Inspiration creates musical mood

The international pop song contest Vitebsk-2012 is being held within the Slavianski Bazaar, featuring young Yevgeny Slavich, of SPAMASH. He describes his musical tastes...
Why is it that not all the winners of the Vitebsk pop contest continue to have a career?
Think of Ruslana and Taisia Povaliy; they certainly have strong careers, as do Zeljko Joksimovic and Maxim Sapatkov. Polina Smolova is doing well in Moscow. Inna Afanasieva, Irina Dorofeeva and Alena Lanskaya took part in the ‘Slavianski Bazaar’ and later became Honoured Artists of Belarus. As for others, who are now unknown, they may have lacked investment or been poorly managed. There could also be personal reasons. It helps to have a clever producer or company; they keep you afloat through head-spinning success and setbacks.

Do you think that the competition may have become outdated, lagging behind the latest trends in music?
It’s hard for me to judge, as I don’t have much experience. The ‘Slavianski Bazaar’ and I are peers; I see it as an established event. Meanwhile, the ‘New Wave’ event is like a party for youngsters, trying out the latest trends. The ‘Slavianski Bazaar’ embraces classics with national colour; it has changed over time, updating its image and encouraging young blood, but it is utterly different to the ‘New Wave’ contest or that in San Remo.

Going back to the very beginning, who influenced you as a musician?
First of all, my teacher, who wrote one of my contest songs, Yelena Atrashkevich. When I was small, I listened to Piotr Yelfimov and now have Adam Lambert on my iPod. Music creates a mood, so needs to change with you.

What do you think of the phenomenon of the Internet allowing anyone to become a ‘star’ by uploading their amateur music video onto YouTube? Do we no longer need musical education?
It is wonderful that we have such a wonderful thing as the Internet — especially YouTube. It really can bring almost immediate popularity. However, this can be positive or negative. Talent and education still play their part and it’s better if you have both! That’s why I studied at the Minsk Art College. On graduating, I entered the Department of Stage Arts at the Belarusian State University of Culture and Arts. I feel great.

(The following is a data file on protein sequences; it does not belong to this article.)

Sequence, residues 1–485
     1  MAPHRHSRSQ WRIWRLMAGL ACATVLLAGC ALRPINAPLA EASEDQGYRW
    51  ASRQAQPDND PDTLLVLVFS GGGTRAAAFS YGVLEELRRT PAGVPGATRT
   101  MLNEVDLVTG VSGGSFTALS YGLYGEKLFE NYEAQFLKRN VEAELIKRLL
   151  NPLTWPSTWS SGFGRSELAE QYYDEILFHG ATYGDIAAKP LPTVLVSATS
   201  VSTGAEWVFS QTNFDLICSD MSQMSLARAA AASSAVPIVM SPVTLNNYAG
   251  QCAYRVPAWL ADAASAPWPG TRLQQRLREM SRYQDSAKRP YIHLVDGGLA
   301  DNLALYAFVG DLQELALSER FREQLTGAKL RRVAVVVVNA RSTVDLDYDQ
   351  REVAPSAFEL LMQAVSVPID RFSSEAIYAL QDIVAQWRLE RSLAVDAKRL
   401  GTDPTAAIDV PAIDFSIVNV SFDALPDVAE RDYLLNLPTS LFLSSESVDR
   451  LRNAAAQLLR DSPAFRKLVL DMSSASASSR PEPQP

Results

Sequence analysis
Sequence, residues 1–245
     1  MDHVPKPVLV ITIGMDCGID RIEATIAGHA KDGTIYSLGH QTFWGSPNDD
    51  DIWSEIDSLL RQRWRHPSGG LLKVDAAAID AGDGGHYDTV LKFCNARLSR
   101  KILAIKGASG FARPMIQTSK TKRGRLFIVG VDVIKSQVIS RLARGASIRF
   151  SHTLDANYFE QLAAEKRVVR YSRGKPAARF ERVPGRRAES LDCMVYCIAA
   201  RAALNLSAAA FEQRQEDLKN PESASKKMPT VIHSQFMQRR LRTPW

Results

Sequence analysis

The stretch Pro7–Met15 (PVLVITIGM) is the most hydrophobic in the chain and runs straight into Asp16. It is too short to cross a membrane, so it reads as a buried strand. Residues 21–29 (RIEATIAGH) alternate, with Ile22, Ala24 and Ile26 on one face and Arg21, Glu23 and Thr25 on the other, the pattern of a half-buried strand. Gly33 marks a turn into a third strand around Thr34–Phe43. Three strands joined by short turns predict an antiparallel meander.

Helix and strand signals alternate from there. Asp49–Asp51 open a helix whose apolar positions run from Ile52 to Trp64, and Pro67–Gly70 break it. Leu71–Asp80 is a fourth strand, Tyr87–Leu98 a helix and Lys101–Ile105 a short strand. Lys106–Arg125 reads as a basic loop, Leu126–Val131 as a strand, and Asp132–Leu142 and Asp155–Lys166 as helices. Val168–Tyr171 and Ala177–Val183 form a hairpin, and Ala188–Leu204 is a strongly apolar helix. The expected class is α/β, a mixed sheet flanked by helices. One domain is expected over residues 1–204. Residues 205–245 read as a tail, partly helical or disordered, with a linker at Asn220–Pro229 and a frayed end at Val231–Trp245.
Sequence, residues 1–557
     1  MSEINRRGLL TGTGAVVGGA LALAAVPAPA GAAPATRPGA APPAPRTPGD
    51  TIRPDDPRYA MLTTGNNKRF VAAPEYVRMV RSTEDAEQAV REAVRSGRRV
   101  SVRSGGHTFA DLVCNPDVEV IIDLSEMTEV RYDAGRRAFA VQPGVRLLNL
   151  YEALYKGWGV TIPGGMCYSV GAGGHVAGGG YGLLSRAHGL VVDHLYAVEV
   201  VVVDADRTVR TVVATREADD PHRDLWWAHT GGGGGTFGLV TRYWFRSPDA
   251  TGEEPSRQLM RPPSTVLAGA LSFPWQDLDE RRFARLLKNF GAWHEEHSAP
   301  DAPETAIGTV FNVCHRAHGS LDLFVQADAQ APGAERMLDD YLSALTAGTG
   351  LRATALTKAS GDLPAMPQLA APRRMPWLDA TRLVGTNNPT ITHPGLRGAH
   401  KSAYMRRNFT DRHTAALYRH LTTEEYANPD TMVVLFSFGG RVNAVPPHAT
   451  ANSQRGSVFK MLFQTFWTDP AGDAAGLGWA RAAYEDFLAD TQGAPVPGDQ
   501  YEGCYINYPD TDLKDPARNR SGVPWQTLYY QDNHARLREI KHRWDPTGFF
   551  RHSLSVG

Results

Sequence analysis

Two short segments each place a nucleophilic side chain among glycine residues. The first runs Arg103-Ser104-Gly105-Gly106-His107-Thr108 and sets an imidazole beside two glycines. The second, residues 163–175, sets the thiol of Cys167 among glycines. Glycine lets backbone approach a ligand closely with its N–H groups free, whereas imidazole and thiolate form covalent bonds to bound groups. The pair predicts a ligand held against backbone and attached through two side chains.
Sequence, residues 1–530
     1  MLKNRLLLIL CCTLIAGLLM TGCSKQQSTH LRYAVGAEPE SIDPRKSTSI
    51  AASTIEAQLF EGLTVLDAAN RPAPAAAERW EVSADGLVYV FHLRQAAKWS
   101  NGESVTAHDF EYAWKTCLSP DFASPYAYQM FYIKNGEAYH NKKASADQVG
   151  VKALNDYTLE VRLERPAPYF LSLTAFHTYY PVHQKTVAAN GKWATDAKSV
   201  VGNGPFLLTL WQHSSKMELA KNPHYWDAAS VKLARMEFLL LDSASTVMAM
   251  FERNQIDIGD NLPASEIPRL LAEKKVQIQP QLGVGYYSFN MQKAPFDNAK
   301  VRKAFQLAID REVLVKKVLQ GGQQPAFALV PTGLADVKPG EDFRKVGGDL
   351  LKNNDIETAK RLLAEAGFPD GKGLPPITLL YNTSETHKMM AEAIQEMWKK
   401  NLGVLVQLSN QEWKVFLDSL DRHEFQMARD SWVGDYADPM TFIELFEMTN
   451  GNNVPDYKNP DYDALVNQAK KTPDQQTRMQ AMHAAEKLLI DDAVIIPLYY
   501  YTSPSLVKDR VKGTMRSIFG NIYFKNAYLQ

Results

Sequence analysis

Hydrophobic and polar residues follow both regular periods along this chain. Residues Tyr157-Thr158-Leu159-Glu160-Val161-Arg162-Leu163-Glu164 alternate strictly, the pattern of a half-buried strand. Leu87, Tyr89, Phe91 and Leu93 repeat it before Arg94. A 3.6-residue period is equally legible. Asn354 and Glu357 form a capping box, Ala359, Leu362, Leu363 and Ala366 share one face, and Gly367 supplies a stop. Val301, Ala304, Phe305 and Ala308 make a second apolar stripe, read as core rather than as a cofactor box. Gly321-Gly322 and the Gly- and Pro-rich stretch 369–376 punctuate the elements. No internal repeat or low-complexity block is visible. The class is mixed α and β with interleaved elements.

Do you get on well with your colleagues in SPAMASH or are you ever jealous of their success?
I don’t know quite what to say... Of course, it’s great when someone has a cool new song — as Ivan Buslai has now. I may want the same or even better but this is in the hands of our producers: creative people who know the difference between ‘like’ and ‘can’. Everyone in SPAMASH is different, with their own style. I can’t envy anyone. Ivan Buslai, Daria, and Alena Lanskaya once began from scratch, just like me, so how can I envy them? Everything comes with time. By the way, I appeared at the centre not long ago; everything happening is encouraging.

Do you write your own music?
Not really; I’ve tried but I’m not confident enough of the results to show them to anyone.

Tell us more about the compositions performed by you at the competition in Vitebsk.
The first — ‘Musician’ — is a heartfelt ballad about the fate of those whose creativity is discovered too late. Yelena Atrashkevich, my vocal trainer at college and, now, at the University of Culture, wrote it. It’s very melodic, with a personal story, and deep feelings. The second is ‘Shores’, by famous composer Leonid Shirin. It has a different character, expression and tempo.

Yevgeny, how do you view your future?
I’d like to be successful, with an adoring public. It would be sad to become ‘lost somewhere half way’. By the way, those words are from my song ‘Shores’.

By Valentin Petrovsky
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